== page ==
Ecuador says tourism is threatening the Galapagos Islands and has asked UNESCO to add the habitat that inspired the theory of evolution to its endangered list, the culture agency said Friday.
WELLINGTON, New Zealand -- Ecuador says tourism is threatening the Galapagos Islands and has asked UNESCO to add the habitat that inspired the theory of evolution to its endangered list, the culture agency said Friday.
The U.N. agency's World Heritage Committee will consider Ecuador's request at a weeklong meeting that begins in New Zealand on Saturday, chairman Tumu te Heuheu said.
The Galapagos Islands, about 620 miles off Ecuador's Pacific coast, are home to unique animal species that inspired Charles Darwin's ideas on evolution. They are also Ecuador's top tourist attraction.
The country's president, Rafael Correa, says the islands are suffering an environmental crisis and has called for restrictions on tourists.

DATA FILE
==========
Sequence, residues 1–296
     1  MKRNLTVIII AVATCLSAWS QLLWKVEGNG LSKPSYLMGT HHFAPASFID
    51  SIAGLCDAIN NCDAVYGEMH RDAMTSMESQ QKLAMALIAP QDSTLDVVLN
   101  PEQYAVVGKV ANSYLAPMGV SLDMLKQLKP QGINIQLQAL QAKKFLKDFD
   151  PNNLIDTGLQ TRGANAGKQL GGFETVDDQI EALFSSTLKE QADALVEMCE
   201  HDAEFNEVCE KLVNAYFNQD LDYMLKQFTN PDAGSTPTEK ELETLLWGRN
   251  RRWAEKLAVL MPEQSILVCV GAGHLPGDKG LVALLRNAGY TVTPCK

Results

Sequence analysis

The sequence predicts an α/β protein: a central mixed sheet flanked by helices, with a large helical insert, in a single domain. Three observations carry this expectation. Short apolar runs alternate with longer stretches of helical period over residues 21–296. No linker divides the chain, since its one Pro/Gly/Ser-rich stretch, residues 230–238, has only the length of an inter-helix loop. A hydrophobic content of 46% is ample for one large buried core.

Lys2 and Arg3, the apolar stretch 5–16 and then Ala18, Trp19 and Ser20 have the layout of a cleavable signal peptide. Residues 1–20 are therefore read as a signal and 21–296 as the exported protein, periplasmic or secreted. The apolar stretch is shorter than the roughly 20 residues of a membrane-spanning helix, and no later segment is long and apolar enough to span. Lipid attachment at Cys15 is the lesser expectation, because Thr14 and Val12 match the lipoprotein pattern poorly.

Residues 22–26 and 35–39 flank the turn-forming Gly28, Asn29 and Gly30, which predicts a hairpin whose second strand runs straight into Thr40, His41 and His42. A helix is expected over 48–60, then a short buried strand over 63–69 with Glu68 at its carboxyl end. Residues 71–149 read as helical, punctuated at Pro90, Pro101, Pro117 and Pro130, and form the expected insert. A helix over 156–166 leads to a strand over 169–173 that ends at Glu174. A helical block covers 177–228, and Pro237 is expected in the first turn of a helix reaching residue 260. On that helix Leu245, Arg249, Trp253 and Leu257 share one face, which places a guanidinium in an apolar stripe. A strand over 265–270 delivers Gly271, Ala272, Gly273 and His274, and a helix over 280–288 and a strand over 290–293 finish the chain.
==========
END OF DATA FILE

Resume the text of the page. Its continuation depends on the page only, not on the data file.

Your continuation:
The islands have "a very fragile ecosystem and there is a need to manage those activities," Te HeuHeu said.
UNESCO protects 830 sites around the world that have what it describes as "outstanding universal values." The Galapagos gained World Heritage Site status in 1978.
The Tower of London is another World Heritage Site the organization will consider listing as "in danger" when it meets in the southern city of Christchurch. The 900-year-old fortress once towered over the city but now skyscrapers threaten the view from its turreted towers.
Some 31 World Heritage Sites are already on the danger list. Besides tourism, the threats include natural disasters, pillaging and pollution.
Delegates will also consider applications to add at least another 45 new sites -- including the Sydney Harbor Bridge and the Sydney Opera House in Australia -- to the World Heritage list.
The meeting will also examine how climate change is affecting World Heritage sites and ways to protect them from natural disasters.
Source: Associated Press